Jacob Zuma says he was ousted for suggesting Brics bank
Zuma says at Mugabe memorial his detractors removed him from office for policies he says were aimed at uplifting poor black South Africans
Former president Jacob Zuma says he was removed before the end of his term because he suggested the creation of a Brics bank, a move he believed would change the lives of poor black people.
Addressing ANC supporters at a memorial for the late Zimbabwean president Robert Mugabe, Zuma credited himself for suggesting the creation of the bank after SA joined Bric states Brazil, Russia, India and China.
Zuma said he joined the bloc because western countries were never friends of the ruling ANC during the liberation struggle.
He also criticised those countries for approaching the ANC only after liberation, saying their ideas on the economy included dealing with the International Monetary Fund.
“At Brics, I told them, we are poor ... and suggested [the Brics bank]. They [western countries] got the information about who came up with the idea … that’s why they said, ‘Remove this man’,” said Zuma.
He said that had he been allowed to serve out his term, he would have hastened the process of improving the life of poor black South Africans.
“One of the problems … I faced [was] I wanted to quicken the process of changing the position of the poor black South Africans,” said Zuma.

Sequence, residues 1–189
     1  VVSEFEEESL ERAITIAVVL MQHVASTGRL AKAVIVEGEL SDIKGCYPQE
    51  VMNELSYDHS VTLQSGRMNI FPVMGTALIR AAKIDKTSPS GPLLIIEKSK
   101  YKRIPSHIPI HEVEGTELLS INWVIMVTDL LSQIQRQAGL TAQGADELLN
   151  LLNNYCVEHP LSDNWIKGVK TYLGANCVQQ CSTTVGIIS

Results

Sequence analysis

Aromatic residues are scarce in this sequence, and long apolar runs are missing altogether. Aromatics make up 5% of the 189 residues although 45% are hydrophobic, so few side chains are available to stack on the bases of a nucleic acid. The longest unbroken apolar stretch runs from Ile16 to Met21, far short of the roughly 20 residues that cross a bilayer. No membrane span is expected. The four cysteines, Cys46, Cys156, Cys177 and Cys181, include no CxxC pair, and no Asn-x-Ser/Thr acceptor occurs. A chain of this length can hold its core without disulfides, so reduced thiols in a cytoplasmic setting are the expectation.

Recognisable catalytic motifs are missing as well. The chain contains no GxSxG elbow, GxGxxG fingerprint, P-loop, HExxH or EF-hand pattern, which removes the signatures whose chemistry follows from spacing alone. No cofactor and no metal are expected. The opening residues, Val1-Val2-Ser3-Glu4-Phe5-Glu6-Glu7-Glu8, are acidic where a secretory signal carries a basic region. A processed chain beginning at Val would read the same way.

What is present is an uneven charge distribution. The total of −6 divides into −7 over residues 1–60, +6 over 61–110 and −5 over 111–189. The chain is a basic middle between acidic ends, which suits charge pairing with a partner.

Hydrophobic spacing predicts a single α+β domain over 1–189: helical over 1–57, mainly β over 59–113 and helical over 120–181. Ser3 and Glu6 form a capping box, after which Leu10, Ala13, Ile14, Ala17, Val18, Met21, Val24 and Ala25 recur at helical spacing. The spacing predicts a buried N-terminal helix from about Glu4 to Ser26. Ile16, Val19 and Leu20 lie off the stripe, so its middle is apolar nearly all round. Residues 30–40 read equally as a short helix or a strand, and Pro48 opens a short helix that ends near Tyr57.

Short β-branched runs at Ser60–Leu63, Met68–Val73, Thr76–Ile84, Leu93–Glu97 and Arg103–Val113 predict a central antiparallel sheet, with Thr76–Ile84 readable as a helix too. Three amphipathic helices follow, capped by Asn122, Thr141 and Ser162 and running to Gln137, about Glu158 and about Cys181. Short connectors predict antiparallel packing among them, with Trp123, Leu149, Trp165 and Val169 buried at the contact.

He said his detractors were against this and moved to oust him before the end of his term.
“They saw it was even better if I don’t complete my term because had I had one-and-a-half-years [left]. I was going to do a lot. I was really going to do it,” Zuma said.
He slammed economists in SA, saying they blamed him for everything that went wrong with the economy.
“If the rand goes down, it’s Zuma. If we are downgraded, it’s Zuma. Zuma is no longer in power, who is [ruining the economy] now?” he said in isiZulu.
Zuma said Mugabe was loved by African leaders for taking back the land in Zimbabwe.
The ANC’s struggle was to completely decolonise SA politically and economically but that did not happen.
“Those who controlled the economy, still control it. In other words, we are still colonised. We were only decolonised politically. When you speak like that, the clever ones look at you as a fool,” said Zuma.